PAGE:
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Changes in biochemical and histologic parameters related to nonalcoholic steatohepatitis (NASH) in placebo-treated patients may provide an insight into natural history and help in defining treatment endpoints in NASH. The aim of our study was to assess the biochemical and histologic changes seen in the placebo-arm of the randomized-placebo-controlled trials in adult patients with NASH.
Medline was searched (through May 2008) for studies published in the English language.
Randomized, placebo-controlled trials of at least 6-month duration in patients with NASH that provided biochemical and/or histologic data of placebo-arm.
One investigator performed literature search and data extraction. Two investigators independently confirmed that the studies met pre-specified criteria. Pooled estimates of biochemical and histologic parameters associated with NASH were calculated.
Five randomized-controlled trials met the predefined criteria and included 162 placebo-treated and 189 active-treatment patients. Mean serum alanine (ALT) and aspartate (AST) aminotransferase decrease on placebo. 1-point improvement in steatosis, ballooning degeneration, lobular inflammation, NASH fibrosis and combined inflammation scores is seen in 31%, 15%, 33%, 22% and 32% of patients, respectively. 2-point improvement in NASH histologic scores is rarely seen.
Serum ALT may decrease on placebo and is not a reliable measure of treatment response. Although a 1-point improvement is seen in a third of patients, a 2-point improvement in histologic parameters is rarely seen in placebo-arm and may be more reliable in assessing treatment response. These data may have important implications in designing future clinical trials in NASH.
Randomized, double- blind, placebo-controlled studies are considered the gold standard in evaluating the efficacy of medical interventions in clinical trials(1). These individual placebo-controlled studies are mainly utilized to examine and report treatment efficacy as compared to placebo. Additionally, placebo-controlled studies provide important information to both the clinicians and researchers regarding variability in the disease related parameters in the placebo-arm that may be explained by either Hawthorne-effect (a short-term improvement in outcome variable simply due to the increased attention to the participants who know that they are being studied and closely followed), or sampling variability, or repeat measurements by chance, or rarely, true placebo effect (2, 3). Furthermore, it provides valuable information regarding the natural history of disease. A meta-analysis of placebo versus no-placebo control arm studies show that placebo effects were rarely significant except in subjective measures. especially when measured as a continuous variable(2).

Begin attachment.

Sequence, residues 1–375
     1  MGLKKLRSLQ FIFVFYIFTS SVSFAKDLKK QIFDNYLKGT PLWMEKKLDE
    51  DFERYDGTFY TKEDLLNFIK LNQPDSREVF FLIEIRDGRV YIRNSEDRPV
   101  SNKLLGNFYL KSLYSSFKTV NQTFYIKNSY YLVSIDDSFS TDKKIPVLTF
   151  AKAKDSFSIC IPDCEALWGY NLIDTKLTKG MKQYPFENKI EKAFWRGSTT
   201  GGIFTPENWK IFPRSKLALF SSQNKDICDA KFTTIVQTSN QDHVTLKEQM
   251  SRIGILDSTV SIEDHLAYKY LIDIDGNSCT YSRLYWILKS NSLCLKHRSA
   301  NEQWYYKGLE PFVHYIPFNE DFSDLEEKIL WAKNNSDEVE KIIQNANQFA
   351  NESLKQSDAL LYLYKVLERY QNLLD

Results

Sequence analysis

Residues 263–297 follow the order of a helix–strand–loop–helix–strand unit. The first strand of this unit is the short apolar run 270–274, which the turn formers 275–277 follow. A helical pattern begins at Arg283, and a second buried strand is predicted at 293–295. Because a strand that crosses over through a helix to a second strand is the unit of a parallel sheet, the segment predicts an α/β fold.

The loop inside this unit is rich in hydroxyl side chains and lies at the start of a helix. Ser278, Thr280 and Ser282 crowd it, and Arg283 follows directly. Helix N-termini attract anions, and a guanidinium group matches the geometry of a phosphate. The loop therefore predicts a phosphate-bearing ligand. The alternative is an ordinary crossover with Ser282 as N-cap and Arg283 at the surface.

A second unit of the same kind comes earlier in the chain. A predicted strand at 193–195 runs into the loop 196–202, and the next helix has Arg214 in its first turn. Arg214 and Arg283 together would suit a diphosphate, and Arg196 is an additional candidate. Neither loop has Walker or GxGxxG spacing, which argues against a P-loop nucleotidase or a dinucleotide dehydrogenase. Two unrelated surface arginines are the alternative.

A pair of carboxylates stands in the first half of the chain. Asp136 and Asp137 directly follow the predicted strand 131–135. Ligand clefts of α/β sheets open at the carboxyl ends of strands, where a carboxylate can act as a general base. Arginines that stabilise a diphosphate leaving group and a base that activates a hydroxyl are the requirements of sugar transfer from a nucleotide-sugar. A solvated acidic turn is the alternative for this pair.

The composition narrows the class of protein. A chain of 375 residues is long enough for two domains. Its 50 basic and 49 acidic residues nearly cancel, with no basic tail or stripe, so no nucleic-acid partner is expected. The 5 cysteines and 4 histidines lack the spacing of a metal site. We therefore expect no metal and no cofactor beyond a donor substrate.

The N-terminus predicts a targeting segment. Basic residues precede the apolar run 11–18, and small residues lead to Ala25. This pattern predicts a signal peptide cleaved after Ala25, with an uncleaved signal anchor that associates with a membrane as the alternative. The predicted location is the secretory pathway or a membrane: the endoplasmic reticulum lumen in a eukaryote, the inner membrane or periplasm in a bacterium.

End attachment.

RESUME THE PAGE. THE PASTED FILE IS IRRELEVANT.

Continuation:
A placebo-arm can also guide researchers in identifying suitable treatment endpoints for pilot studies to screen for potential interventions or medications. Recognition of appropriate treatment endpoints is especially critical in chronic diseases that lack a single surrogate marker of disease activity or progression, and may utilize a composite endpoint composed of two or more parameters, or disease activity index (4). Composite end points have been commonly utilized in assessing efficacy of medications in liver diseases. Classically, improvement in liver histology has been considered an endpoint in establishing efficacy of medications in the treatment of chronic liver diseases such as viral hepatitis and nonalcoholic steatohepatitis (NASH)(5, 6). NASH is a clinico-pathologic entity that is seen in individuals who consume little alcohol and have evidence of necroinflammation, ballooning degeneration and steatosis with or without peri-sinusoidal fibrosis (7). The diagnosis is dependent on both clinical context and liver histology. Currently, there is no serologic or non-invasive surrogate marker of disease activity or progression in NASH. Furthermore, there is no uniformly recognized treatment for NASH and several randomized, placebo-controlled studies have been conducted to examine the efficacy of various treatment approaches. Screening potential agents for the treatment of NASH requires valid treatment endpoints (8). Whether changes in serum aminotransferase alone can be considered an adequate treatment endpoint, in lieu of improvement in liver histology, is an important clinical issue (9). It is also necessary to define whether any improvement in a specific parameter or 2-point decrease in a disease-specific parameter such as steatosis, or ballooning degeneration, or lobular inflammation may provide better assessment of efficacy.